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Planning Under Way For First Environmental Teach-in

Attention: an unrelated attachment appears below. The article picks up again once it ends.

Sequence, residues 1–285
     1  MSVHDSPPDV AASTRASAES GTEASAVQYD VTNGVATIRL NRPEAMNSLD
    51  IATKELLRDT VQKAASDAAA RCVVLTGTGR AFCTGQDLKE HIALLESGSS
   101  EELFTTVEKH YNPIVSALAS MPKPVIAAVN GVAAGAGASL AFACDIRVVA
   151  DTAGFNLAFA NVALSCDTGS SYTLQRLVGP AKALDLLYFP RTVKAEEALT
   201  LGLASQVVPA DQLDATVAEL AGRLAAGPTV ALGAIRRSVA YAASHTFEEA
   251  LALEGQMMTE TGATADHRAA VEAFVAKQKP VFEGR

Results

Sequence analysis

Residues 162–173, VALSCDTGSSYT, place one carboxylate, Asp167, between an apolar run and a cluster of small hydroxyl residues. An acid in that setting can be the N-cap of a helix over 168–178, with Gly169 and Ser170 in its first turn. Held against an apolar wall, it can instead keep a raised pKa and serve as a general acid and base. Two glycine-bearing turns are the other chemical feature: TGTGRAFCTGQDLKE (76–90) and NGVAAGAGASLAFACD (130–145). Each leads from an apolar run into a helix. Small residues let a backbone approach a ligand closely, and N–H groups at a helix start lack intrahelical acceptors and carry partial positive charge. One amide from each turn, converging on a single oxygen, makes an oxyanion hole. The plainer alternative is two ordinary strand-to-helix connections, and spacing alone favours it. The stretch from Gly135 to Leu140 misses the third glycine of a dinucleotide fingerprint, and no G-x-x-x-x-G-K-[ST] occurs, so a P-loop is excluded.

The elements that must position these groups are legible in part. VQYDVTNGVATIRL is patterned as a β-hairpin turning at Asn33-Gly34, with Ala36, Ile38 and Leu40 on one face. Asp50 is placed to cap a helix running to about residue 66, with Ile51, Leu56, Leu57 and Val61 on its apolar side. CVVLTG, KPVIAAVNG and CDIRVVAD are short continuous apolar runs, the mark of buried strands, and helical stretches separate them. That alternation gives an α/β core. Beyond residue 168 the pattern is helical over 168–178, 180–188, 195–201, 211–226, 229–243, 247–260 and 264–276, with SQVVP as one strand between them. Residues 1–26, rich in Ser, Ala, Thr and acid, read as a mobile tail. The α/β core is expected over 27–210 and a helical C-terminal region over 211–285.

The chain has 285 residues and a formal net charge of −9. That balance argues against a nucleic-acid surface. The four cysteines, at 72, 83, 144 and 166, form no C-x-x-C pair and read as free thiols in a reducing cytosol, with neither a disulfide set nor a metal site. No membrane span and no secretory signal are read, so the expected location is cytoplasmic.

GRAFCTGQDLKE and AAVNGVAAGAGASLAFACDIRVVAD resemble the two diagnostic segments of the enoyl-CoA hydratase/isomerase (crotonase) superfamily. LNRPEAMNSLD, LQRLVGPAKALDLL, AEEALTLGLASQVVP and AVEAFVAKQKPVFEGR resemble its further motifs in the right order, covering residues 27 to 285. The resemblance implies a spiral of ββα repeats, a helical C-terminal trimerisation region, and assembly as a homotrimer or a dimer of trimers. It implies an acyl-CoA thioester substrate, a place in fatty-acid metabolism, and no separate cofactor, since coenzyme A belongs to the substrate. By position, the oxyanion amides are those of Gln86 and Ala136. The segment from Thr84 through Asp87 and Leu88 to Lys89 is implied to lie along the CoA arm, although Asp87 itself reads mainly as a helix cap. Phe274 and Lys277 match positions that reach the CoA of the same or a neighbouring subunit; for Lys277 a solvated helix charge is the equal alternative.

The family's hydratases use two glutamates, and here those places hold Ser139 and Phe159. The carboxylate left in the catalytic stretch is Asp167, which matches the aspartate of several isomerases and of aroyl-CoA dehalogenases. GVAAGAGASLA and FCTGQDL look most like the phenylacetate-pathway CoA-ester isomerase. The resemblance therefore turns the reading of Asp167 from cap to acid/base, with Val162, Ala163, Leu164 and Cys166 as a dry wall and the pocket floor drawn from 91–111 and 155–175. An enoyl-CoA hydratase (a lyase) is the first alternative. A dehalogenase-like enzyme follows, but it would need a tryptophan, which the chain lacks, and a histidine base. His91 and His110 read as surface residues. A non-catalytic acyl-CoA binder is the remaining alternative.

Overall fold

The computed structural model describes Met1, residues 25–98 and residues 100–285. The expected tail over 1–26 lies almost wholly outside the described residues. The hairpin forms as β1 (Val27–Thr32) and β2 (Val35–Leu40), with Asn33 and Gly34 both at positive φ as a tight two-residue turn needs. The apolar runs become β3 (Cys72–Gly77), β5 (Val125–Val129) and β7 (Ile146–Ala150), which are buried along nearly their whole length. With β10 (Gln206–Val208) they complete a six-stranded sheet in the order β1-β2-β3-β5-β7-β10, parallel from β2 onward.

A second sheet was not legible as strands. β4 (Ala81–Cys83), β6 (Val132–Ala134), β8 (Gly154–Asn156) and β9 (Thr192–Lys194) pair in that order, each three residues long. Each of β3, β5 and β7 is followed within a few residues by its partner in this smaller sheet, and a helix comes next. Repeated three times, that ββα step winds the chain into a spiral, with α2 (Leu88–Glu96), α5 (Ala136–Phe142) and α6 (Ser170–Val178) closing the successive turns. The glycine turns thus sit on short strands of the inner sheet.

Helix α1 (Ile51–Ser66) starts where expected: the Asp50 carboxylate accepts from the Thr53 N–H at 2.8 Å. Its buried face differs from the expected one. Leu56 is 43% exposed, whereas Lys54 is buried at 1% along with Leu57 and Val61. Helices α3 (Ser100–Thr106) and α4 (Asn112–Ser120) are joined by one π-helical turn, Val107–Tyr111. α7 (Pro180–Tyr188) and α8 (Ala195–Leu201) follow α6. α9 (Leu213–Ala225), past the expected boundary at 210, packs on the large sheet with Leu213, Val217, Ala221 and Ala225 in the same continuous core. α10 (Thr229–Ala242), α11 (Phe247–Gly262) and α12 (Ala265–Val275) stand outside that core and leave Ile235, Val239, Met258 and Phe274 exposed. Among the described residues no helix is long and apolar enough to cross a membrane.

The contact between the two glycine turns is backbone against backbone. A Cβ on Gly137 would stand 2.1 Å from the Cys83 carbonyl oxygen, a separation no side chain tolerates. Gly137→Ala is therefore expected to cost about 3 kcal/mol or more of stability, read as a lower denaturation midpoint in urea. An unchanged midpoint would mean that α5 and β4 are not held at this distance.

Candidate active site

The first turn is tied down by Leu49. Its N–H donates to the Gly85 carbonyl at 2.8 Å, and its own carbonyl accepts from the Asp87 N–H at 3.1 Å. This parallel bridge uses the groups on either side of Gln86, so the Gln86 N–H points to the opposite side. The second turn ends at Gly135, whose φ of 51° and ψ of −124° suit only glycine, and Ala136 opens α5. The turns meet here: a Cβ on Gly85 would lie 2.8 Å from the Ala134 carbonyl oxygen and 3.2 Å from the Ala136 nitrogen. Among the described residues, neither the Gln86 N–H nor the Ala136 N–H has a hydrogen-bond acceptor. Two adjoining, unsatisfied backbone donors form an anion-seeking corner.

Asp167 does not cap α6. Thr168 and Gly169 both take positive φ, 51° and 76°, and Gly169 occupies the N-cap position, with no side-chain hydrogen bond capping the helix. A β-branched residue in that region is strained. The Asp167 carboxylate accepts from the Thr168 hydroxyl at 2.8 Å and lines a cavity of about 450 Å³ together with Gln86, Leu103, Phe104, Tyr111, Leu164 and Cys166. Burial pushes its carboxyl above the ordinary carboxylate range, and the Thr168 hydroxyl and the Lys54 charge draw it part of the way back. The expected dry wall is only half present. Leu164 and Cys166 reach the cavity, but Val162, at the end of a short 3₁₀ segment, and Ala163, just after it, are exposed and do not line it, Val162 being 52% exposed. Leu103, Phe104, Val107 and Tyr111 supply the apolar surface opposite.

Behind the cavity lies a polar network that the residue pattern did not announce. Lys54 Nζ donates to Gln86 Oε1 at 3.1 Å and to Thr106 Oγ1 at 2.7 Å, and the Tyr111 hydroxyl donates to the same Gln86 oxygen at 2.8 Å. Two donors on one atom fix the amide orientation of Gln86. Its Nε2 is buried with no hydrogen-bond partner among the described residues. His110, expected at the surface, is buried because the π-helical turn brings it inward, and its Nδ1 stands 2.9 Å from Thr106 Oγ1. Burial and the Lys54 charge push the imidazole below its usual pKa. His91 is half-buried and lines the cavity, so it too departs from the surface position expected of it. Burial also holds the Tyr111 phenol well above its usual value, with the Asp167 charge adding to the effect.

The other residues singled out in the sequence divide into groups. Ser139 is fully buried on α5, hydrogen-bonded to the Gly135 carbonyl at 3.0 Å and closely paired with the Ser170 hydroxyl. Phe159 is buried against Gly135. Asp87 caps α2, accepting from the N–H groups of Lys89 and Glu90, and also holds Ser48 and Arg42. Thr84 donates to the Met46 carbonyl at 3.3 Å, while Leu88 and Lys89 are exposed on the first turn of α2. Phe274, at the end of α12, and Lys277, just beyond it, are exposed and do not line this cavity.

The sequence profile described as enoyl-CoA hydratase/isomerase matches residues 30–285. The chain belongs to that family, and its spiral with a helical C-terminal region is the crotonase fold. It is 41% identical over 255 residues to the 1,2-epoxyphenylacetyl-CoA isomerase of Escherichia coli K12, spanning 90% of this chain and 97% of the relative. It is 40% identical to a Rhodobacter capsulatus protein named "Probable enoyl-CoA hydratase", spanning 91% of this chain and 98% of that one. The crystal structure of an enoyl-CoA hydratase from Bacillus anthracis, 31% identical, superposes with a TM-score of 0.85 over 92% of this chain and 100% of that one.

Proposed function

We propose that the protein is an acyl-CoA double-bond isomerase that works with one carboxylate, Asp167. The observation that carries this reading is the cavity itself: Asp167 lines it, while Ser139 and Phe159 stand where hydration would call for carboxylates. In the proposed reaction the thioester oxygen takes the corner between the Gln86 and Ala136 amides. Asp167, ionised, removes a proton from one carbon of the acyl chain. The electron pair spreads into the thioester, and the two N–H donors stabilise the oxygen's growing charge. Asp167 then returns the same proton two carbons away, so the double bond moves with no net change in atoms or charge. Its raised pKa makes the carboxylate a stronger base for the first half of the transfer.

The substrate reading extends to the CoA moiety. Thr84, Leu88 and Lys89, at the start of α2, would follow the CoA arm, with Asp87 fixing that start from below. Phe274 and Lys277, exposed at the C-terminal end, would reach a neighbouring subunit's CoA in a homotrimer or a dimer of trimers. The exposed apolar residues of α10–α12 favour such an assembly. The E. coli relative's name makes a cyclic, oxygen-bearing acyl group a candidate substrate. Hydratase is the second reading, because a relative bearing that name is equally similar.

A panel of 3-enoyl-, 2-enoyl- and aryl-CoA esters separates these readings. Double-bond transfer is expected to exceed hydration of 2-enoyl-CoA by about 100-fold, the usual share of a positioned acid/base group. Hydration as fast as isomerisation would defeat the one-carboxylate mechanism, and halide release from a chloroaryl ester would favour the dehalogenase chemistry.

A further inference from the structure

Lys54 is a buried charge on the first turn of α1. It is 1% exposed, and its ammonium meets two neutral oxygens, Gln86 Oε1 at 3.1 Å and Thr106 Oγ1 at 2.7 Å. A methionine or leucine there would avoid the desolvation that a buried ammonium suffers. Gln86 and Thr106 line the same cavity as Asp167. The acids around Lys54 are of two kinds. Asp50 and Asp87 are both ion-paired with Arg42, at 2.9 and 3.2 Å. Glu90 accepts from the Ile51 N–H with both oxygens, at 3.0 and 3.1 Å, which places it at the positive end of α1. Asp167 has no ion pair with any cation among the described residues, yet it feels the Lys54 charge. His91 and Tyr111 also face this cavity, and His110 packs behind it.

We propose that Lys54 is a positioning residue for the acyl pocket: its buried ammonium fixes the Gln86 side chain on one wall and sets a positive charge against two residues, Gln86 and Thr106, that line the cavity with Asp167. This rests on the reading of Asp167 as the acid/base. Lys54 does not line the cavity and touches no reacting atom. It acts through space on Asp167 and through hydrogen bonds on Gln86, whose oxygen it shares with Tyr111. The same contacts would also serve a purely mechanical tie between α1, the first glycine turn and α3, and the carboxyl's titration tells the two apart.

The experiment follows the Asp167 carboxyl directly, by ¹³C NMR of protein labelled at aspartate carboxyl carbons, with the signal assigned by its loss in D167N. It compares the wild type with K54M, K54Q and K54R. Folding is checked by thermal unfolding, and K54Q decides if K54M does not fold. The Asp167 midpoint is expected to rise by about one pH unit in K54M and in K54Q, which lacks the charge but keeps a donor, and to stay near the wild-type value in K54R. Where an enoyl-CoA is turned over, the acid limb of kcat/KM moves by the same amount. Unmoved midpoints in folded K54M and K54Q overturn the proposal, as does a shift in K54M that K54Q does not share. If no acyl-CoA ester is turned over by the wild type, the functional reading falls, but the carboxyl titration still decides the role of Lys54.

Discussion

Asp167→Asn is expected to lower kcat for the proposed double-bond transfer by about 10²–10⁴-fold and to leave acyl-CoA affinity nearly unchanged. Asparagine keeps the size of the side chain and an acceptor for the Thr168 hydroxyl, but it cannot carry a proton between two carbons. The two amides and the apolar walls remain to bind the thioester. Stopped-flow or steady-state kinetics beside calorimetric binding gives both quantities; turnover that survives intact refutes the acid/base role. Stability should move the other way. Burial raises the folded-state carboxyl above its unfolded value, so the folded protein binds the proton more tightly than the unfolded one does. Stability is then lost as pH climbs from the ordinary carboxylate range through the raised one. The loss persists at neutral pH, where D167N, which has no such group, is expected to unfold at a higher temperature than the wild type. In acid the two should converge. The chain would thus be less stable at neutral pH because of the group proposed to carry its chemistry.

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Planning for the nation's first environmental teach-in got under way last night when 300 University students and faculty and community leaders gathered on the U-M campus. Organizers of the meeting, the Steeriüg Committee for the Teach-In on the Environment, called the meeting to draw wider participation in their planning. The overflow crowd in the Undergraduate Library multipuprose rcom heard an outline of environmental problems, and opened a discussion of teach-in ideas from the floor. The meeting, chaired ty II David Alian, a zoology I ate student, heard telegrams of support and encouragement from two U.S. Senators, both leaders in the anti-pollution fight. Michigan Democratie Sen. Philip A. Hart quoted the late Adlai Stevenson, saying that the earth is a spacecraft on which we are all passengers, "preserved from annihilation only by the care, the work, and I will say the love we give our fragle craft." In his telegram to the group, Hart said that "the hospitality of our spacecraft earth is coming under an increasingly serious threat as a result of environmental tion. We may take hope, however, from the knowledge that these troubles are oL human origin, and that they can be met and reversed. We can regain control over the future of our environment and no task should claim higher priority." Hart said the planned teachin at the University "offers a great potential to focus awareness and seek means for effective environmental action," and offered his interest and assistance. The Michigan teach - in scheduled for next spring, will take plact some six weeks in advance of a nationwide day of such teach-ins being organized by Sen. Gaylord Nelson, D.Wisc. In a separate telegram to the group, Nelson said plans for the national day of teach-ins are progressing well. "I am greatly encouraged by the initiative you at the University of Michigan have taken in this program," Nelson said. "We look to your effort with the first such teach-in to provide a pattern for planning and follow through which can inspire and guide other teachins throughout the country." At the meeting last night, Dr. James Swan of the School of Natural Resources presented slides demonstrating the many aspects of the environmental crisis. Arthur Hanson, a gradúate student in ecology, reported on his meeting last week in Washington with students from throughout the country, at which the teach-in plan was discussed. Hanson also met with Nelson in Washington, and made initial contacts in an effort to raise funds. Doug Scott, a gradúate student in forestry, urged that the teach-in be planned as a munity-wide effort. No other issue, he said, so touches the lives of everyone, or is closer to everyone's interests. Efforts are being made to involve all aspects of the campus and community, including local high school students, churches, service clubs and outdoor groups. Following the background presenta tions, discussions f rom the floor raised a number of possible teach-in ideas. John Kolars, ofthe geography dep_rtment, drew applause with his cali for a "mountain of shame" to be created on the central campus, collecting I debris from all parts of the I luted environment in this area. Specific planning committees I were established and met I mally following the main I gram. These groups, which will I meet separately in the future, I will work on publicity, I munity involvement, the I in program details, finances, I and other matters. A group was also established to prepare a list of "action goals" for the teach-in, such as united public j support for passage of billboard control legislation long stymied in the Michigan legislature.